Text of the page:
Who was Washington Irving?
Erin Gruodis-Gimbel has taught college and graduate writing for over 3 years. She has a Bachelor in Arts in Theater with a concentration in Playwriting and Dramaturgy from Drew University.
Heather teaches high school English. She holds a master’s degree in education and is a National Board Certified Teacher.
Learn about early nineteenth-century American writer, Washington Irving. Explore Washington Irving’s biography and examine his best-known contributions to literature. Updated: 05/25/2022
Table of Contents
Washington Irving was one of the most prolific writers in 19th century America. He was also a lawyer, diplomat, and colonel. His writings, most famously “Rip van Winkle” and “The Legend of Sleepy Hollow” earned him a place in American literary history as one of the first fairy tale writers in the United States. His sense of humor and storytelling made him an excellent fiction writer, known throughout America and Europe, but he was also a non-fiction writer, penning one of the first biographies of George Washington. He was a uniquely American writer, often repurposing stories from other countries and turning them into American narratives.
Irving was born in 1783 in New York City to British immigrant parents who named him after George Washington. Initially, Irving showed very little promise in his reading and writing ability in the classroom, but honed it outside, reading adventure books that enthralled him. When yellow fever took over New York, he and his siblings were shipped to upstate New York, where he found the geography that would inspire his later works. As a young man, Irving began to study law back in Manhattan, but soon he left for upstate again, feeling drawn to the beauty of the countryside. He did return reluctantly to New York City, where he got a job as a law clerk and got married.
Maturity and Career
Irving started writing for the Morning Chronicle (a newspaper run by Aaron Burr and Peter Irving, Washington’s brother) under the pen name “Johnathan Oldstyle”. He took a break from publishing for two years when he traveled to Europe, but quickly resumed writing when he returned to New York (often instead of practicing law). After the death of his wife in 1816, Irving went back upstate and finished A History of New York, a humorous book narrated by a fictional Dutch historian, which became enormously popular.
During the British invasion in 1814, Irving became a colonel in the New York militia. After the war, he traveled to Europe, where he took over his brother’s business in England and began writing what would be one of his most famous works, “Rip van Winkle”. Upon returning to New York, he continued to write essays, which he saved for his second book, The Sketchbook of Geoffrey Crayon, Gent. Irving was once again using a pen name. The book included “Rip van Winkle,” an adapted German fairytale about a man in Dutch colonial New York who falls asleep for 20 years. In an intentional slip, a friend of Irving’s revealed Crayon was a pen name, and the connection was drawn between The Sketchbook of Geoffrey Crayon, Gent and A History of New York. Irving’s sense of humor and unique style gave him a niche within American literature. After the first edition of The Sketchbook of Geoffrey Crayon, Gent was published, Irving released more stories, including “The Legend of Sleepy Hollow,” the spooky tale of Ichabod Crane (a schoolteacher), and his encounter with the Headless Horseman, a ghostly figure fabled to be a decapitated Hessian soldier. Much like the story of Rip van Winkle, this was adapted from a German fairytale about a headless horseman featured in German storytelling traditions.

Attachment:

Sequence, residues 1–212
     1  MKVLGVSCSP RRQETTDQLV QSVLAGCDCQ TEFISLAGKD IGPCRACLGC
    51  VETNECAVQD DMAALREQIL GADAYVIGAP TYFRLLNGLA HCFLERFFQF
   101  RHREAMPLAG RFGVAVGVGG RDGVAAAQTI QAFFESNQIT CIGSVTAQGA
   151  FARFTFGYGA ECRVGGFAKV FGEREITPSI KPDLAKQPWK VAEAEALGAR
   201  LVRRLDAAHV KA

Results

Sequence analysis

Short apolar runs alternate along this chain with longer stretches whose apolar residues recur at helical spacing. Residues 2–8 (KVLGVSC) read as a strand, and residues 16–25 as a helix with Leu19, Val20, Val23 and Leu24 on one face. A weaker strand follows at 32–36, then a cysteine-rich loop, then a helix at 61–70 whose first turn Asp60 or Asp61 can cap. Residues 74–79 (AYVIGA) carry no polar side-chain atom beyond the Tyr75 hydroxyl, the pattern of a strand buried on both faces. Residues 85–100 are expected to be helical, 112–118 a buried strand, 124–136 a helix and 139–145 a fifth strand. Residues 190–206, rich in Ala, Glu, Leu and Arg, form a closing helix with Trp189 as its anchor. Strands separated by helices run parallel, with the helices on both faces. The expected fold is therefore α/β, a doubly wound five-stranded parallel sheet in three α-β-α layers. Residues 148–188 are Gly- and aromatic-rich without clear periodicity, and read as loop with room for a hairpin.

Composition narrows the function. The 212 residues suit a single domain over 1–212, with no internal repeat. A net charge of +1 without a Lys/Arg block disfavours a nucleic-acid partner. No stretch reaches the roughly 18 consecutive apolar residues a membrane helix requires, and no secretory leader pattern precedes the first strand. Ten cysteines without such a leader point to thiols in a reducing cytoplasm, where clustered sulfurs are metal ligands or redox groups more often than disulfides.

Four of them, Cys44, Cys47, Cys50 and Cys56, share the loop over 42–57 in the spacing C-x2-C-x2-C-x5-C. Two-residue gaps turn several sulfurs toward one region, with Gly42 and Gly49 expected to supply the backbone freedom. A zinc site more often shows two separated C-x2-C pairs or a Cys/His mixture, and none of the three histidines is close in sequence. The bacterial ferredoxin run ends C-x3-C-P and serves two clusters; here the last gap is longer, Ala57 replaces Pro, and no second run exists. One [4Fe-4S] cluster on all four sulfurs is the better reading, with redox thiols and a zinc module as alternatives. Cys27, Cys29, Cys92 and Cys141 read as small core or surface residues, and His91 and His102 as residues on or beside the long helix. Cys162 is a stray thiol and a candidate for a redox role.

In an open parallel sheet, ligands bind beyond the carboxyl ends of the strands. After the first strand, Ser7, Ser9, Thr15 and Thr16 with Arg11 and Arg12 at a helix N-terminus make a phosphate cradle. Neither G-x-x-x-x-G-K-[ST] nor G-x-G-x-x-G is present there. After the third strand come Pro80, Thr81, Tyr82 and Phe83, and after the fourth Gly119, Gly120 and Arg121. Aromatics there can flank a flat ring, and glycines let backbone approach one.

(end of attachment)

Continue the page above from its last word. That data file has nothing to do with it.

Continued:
Irving became a very popular writer; his books sold out in America and England and he was praised for his humorous stories and his dedication to the American setting (even when writing about England). In 1850, Irving decided to take up his most American project yet- a biography of his namesake, George Washington.
Washington Irving was the first American author who found success both in Europe and in America. He’s actually considered the father of American literature because it is his writing that began shaping the American identity.
Washington Irving was born April 3, 1783. He grew up in Manhattan, New York and was a pretty goofy, adventurous kid who liked to go wandering and dreamed of the day when he could start traveling. This frustrated his parents a bit because as he got older, he’d often skip class to attend plays.
When Irving was around the age of 15, yellow fever had broken out in Manhattan, so his parents sent him away with some friends in Tarrytown, New York. Tarrytown and the near-by village of Sleepy Hollow are, of course, where his later stories are set. It was during this time too that he first saw the Catskill Mountains, which set the scene for his character Rip Van Winkle’s 20-year sleep.
At the age of 17, his father sent Washington to Europe to help with the family business, which he was not real keen on and finds he can’t save once he’s there. But even though his business endeavors there are a bit disheartening, he does get involved with the literary scene there and befriends Sir Walter Scott. Sir Walter Scott gives him some advice about writing. Scott tells him to begin reading the German Romantic authors and to consider folklore and legends for some inspiration. Washington, of course, takes this advice, and it works well for him. He begins to set himself apart from the other writers in America at that time.
Washington Irving in Granada: literature and commitment
One of the most read books on the Alhambra is Tales of the Alhambra by Washington Irving. Without a doubt, it is a essential reading for those who love the Nasrid palace. However, there is even more to the mark left by Washington Irving on Granada. Do you know that he was crucial to recovering the Alhambra? That he was the precursor of the Guest Book?
Washington Irving and his beginnings in literature